Price formation in retail financial markets deviates from the predictions of standard price theory in several important ways. The law of one price is violated: significant price dispersion is present when goods and services are homogeneous. Despite the large number of firms in each market, prices do not converge to marginal cost. Even when new firms enter the industry, prices often do not decrease and may in fact rise. These pricing irregularities have been documented empirically in the markets for S&P Index funds (Hortacsu and Syverson, 2004), money market funds (Christoffersen and Musto, 2002), mutual funds (Bergstresser, Chalmers, and Tufano, 2007), retail municipal bonds (Green, Hollifield, and Schürhoff, 2007; Green, 2007), credit cards (Ausubel, 1991), conventional fixed-rate mortgages (Baye and Morgan, 2001), life annuities (Mitchell, Poterba, Warshawsky, and Brown, 1999), and term life insurance (Brown and Goolsbee, 2002). What is responsible for this seeming departure from classic microeconomics? The answer that I explore builds on the fifty year-old observation by Scitovsky (1950) that ignorance is a source of oligopoly power. Producers of retail financial products create ignorance by making their prices more complex, thereby gaining market power and the ability to increase industry profits. Clearly, many of the households who purchase retail financial products do not understand what they are buying and how much they are paying for these goods (e.g. Capon, Fitzsimons, and Prince, 1996; Alexander, Jones, and Nigro, 1998; Barber, Odean, and Zheng, 2005; Agnew and Szykman, 2005) and access to financial advice does not appear to rectify this problem (Bergstresser, Chalmers, and Tufano, 2007). Importantly, however, there appears to be a significant gap between investor knowledge about the financial instruments themselves and their understanding of industry fees. For example, in the NASD Investor Literacy Survey (2003), 84% of market participants understood the relative riskiness of various bonds, but only 21% knew what a “no-load mutual fund” is. In fact, approximately one-third of the participants surveyed believed that the term no-load implies that there are no fees charged whatsoever. In this paper, I consider the following important questions: How does complexity affect price formation in the market? How do firms optimally add complexity to their price structures to maximize profits? How do these optimal pricing policies change as industry competition increases? What is the potential effect of these policies on consumer knowledge and prices in the market? Financial institutions may add complexity to their prices in several ways. First, they can make it more difficult for households to become informed by partitioning prices into direct fees and indirect involuntary surcharges. This practice makes understanding prices more challenging as it places the responsibility on the consumer to appreciate all of the key price components and compute the actual price of the product. Second, complexity may be added when firms devise new technical language for their price disclosures. If firms in the industry use different methods of disclosure, this makes it more difficult for consumers to compare prices. Complexity may also involve leaving out important information in a disclosure. This aspect makes it tougher for low-price firms to credibly signal their advantage because advertising is a mechanism for signal jamming. For example, suppose a low-price mutual fund makes a statement that they have low management fees and no loads. A higher-priced fund can advertise that they have no management fees and no loads, even though they charge high 12b-1 fees and other indirect costs. Used in this way, complexity makes it harder for consumers to identify the best deals in the market. In the paper, I analyze a two-stage pricing complexity game in which homogeneous firms produce an identical financial product and compete on price for market share. In the first period, firms simultaneously choose their prices (mutual fund fees, interest rates, etc.) and the complexity of their price structures. The complexity that one particular firm adds may increase the difficulty in evaluating their own price disclosure and comparing prices in the market, but does not affect the ability for consumers to evaluate the disclosures of competing firms. Based on the complexity choices of the firms, a fraction of consumers become informed about prices (experts), whereas the remainder remain uninformed. In the second period, the experts purchase the good from the low-priced firm, whereas uninformed consumers choose randomly from all of the firms. In equilibrium, price dispersion arises because the firms compete strategically for market share from both types of consumers. This feature is also present in other models of search (e.g. Varian, 1980 and Stahl, 1989), but arises here based on each firm's complexity decision (to be discussed shortly). The firm with the lowest price captures the entire share of expert consumers. All of the firms, however, receive some demand from the uninformed. The firms never charge marginal cost because they gain positive expected profits from sales to uninformed consumers. Also, it is impossible to have a one-price equilibrium in which all firms charge the same prices for their products. If they did so, one firm could undercut their competitors by a small amount and gain the entire market share from the expert consumers. So, equilibrium prices are strictly higher than marginal cost and there is always a non-degenerate distribution of prices (price dispersion). Price complexity in the industry is determined through strategic interaction between the firms. In equilibrium, all firms enjoy a positive rent from having some degree of price complexity in the industry and preventing some consumers from becoming informed. However, low-price firms desire less complexity than high-price firms. Since the low-price firms want consumers to know that they have the cheapest prices, they want pricing in the industry to be reasonably clear. Adding clarity allows them to undercut their rivals and gain market share. They do not want pricing in the industry to be too clear, however, as total clarity would erode industry rents altogether. In contrast, high-price firms desire more complexity. As pricing in the industry becomes more difficult to appreciate, the fraction of uninformed consumers rises, thereby increasing the market share that high-price firms receive. Decreasing industry price transparency is the way high-price firms gain market share. After deriving the equilibrium of the game, I consider how increased competition affects the way in which complexity evolves in the market. I find that increased competition makes it more likely that firms make their price disclosures opaque. The intuition is as follows. When more firms compete for market share, the probability that they receive demand from the expert consumers decreases. As a best-response (i.e., to maximize expected profits), firms tend to increase complexity in order to maximize the revenues that they receive when they do not have the lowest price (when they lose the share of experts). Therefore, as competition rises, attempting to increase the fraction of uninformed consumers improves their expected profitability. The fact that more firms tend to add complexity when industry concentration decreases may induce a drop in the fraction of informed consumers, which in turn may increase producer surplus in the market. That is, unless there are other mechanisms present that make it easier for consumers to become knowledgeable as the industry grows (e.g., consumer organizations or government-sponsored education), then industry rents may rise as the market becomes more competitive. In this light, it is not surprising that Hortacsu and Syverson (2004) show that entry into the S&P index fund industry in 1995–1999 was associated with a rightward shift in the distribution of prices. The analysis in this paper yields several novel empirical implications. For example, since the model implies that complexity is an important source of value for firms, changes in complexity should be positively correlated with firm profitability, ceteris paribus. Also, the model predicts that as competitive pressures rise in an industry (more producers enter the market), firms will respond by adding more complexity to their prices. This implies a negative correlation between industry concentration and price complexity. Though I do not test these predictions in this paper, they may be tested either cross-sectionally or with a time-series, perhaps using content analysis (e.g., Holsti, 1969 and Tetlock, 2007) to quantify the amount of complexity present in various price disclosures. This paper is of general economic interest as price dispersion has also been documented empirically in the markets for prescription drugs (Sorensen, 2000), books (Clay, Krishnan, and Wolff, 2001; Chevalier and Goolsbee, 2003), and computer memory modules (Ellison and Ellison, 2005). The paper also adds to an extensive literature on oligopoly pricing with consumer search (e.g., Diamond, 1971, Salop and Stiglitz, 1977, Varian, 1980 and Stahl, 1989). In many existing models, the fraction of consumers who conduct incomplete search is exogenously given and the firms are unable to affect the search environment except through the prices they choose. Indeed, price dispersion arises in many of the models, but its source and its severity are determined by the exogenous parameters imposed in each model. In contrast, I provide a model in which firms endogenously affect the proportion of consumer types by altering the search environment. The complexity that firms add affects the proportion of consumers who become knowledgeable, and in turn affects what they will pay for goods in the market. The “hide and seek” pricing model that I develop is new to this literature, and provides insight into the role of information in achieving industry price dispersion. There is a growing related literature that evaluates how rational firms strategically set prices in response to the shortcomings of their consumer population. Heidhues and Koszegi (2005) study a monopolist's optimal pricing behavior when their consumers are loss averse. Perloff and Salop (1985) derive optimal pricing strategies given that all consumers make errors in calculating their value for the good. Gabaix, Laibson, and Li (2005) use extreme value theory to generalize the Perloff-Salop derivations. Gabaix and Laibson (2006) derive a “shrouded attributes equilibrium” in which prices are set and voluntary add-ons are chosen, all based on a given fraction of the consumers who are myopic. The common theme in all of these papers is that the proportion of the consumers who are biased or less informed is exogenously given. In contrast, in this paper, this proportion evolves endogenously as the actions of the firms directly affect the proportion of experts who are present in the market. The rest of the paper is organized as follows. In Section 2, I introduce the two-stage pricing complexity game. In Section 3, I characterize the strategic behavior of the firms and prove existence of a symmetric mixed-strategy Nash equilibrium for the game. In Section 4, I characterize the effect that entry has on complexity. Section 5 concludes. The Appendix contains all of the proofs.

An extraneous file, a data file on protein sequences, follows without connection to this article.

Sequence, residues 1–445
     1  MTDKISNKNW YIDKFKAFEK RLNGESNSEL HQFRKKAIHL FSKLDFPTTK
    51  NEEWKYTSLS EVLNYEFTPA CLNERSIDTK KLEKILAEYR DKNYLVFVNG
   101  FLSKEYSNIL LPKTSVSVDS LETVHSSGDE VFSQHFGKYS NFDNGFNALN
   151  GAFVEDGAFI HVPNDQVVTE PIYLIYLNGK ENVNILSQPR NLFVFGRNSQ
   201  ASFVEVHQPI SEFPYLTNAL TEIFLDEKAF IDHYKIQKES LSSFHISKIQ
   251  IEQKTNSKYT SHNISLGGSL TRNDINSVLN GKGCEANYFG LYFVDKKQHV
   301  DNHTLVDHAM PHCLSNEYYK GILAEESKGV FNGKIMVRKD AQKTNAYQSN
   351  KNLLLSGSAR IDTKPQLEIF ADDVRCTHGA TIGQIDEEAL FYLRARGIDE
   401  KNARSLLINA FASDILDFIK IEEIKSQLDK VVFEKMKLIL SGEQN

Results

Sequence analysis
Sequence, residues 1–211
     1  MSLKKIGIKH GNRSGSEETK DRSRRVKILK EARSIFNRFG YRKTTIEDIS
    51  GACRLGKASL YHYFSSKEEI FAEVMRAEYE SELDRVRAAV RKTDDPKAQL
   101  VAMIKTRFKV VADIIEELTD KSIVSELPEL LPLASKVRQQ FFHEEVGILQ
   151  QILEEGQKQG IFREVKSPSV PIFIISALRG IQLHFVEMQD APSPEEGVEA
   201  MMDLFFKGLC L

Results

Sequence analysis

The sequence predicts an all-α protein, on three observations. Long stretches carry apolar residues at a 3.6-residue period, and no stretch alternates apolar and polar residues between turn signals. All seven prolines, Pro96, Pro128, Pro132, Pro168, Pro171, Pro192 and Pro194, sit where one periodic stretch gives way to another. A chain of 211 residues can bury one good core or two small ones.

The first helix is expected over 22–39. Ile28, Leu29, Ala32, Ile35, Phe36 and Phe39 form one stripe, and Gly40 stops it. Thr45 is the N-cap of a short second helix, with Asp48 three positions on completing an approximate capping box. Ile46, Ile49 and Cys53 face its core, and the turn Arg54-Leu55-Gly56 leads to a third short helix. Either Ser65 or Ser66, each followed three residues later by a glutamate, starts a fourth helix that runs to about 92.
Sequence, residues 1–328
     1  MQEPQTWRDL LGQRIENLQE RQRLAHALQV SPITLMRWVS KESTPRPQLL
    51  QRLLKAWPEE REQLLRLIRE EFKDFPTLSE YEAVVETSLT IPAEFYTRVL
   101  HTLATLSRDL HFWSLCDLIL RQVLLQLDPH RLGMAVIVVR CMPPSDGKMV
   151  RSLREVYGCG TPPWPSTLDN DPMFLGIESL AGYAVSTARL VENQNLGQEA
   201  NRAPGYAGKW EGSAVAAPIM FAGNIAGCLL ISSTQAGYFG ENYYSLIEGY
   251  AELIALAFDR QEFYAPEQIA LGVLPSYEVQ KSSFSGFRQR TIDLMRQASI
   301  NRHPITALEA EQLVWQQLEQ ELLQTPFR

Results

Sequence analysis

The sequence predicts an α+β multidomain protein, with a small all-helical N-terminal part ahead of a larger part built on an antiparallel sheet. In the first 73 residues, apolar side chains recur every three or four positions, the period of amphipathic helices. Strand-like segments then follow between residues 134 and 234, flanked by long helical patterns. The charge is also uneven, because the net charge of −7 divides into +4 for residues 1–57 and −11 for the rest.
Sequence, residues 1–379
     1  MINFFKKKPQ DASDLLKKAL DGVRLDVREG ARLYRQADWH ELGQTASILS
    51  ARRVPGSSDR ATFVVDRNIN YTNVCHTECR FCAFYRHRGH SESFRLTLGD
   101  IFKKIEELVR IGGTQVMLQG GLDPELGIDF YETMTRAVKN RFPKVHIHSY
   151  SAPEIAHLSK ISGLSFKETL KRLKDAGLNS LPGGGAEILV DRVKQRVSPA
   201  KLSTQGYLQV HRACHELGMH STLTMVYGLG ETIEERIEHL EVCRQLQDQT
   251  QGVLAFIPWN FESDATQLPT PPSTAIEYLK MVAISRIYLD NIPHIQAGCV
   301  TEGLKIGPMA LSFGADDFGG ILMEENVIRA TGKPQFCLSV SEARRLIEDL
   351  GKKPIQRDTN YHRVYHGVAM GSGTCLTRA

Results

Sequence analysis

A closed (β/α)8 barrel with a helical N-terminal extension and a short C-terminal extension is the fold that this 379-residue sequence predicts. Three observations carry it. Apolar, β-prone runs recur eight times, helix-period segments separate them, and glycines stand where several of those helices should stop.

نتیجه گیری انگلیسی
Purchasing a retail financial product requires effort. Because prices in the market are complex, consumers must pay a cost (time or money) to compare prices in the market. Some consumers gain sufficient expertise and get the best deal. Those with high search costs forego value, and often make purchases without knowing exactly what they are getting or how much they are paying. In fact, they may also be unaware that they are indeed over-paying (Choi, Laibson, and Madrian, 2006). There is now a large literature that documents these findings (e.g., Capon, Fitzsimons, and Prince, 1996; Alexander, Jones, and Nigro, 1998; Barber, Odean, and Zheng, 2005; Agnew and Szykman, 2005) and this phenomenon may have substantial welfare implications (Campbell, 2006; Calvet, Campbell, and Sodini, 2007). In this paper, I develop a model of pricing complexity in which firms compete on price for market share and strategically add complexity to preserve market power in the face of competitive pressures. The resulting equilibrium matches empirical observation: price dispersion persists even when goods are homogeneous and prices do not converge to marginal cost despite a large number of firms. The analysis in the paper has important social implications, given the large size of retail financial markets. The paper also adds to an extensive literature on consumer search (e.g., Diamond, 1971, Salop and Stiglitz, 1977, Weitzman, 1979, Varian, 1980, Carlson and McAfee, 1983 and Stahl, 1989). Whereas the search environment is constructed exogenously in most models in this literature, I consider a setting in which the firms can alter the quality of information transmission within the market, and affect the ability of consumers to become knowledgeable about their purchases. The results that I derive capture several stylized features of retail financial markets, as well as markets in which other homogeneous products are sold (e.g., books). Therefore, the paper is of general economic interest as well. I believe that this paper presents a plausible argument for considering complexity as an important determinant of price formation in retail financial markets. Given the large number of potential extensions of this analysis, this paper hopefully represents an important step toward greater understanding of the effect of complexity on security design, asset prices, and market structure.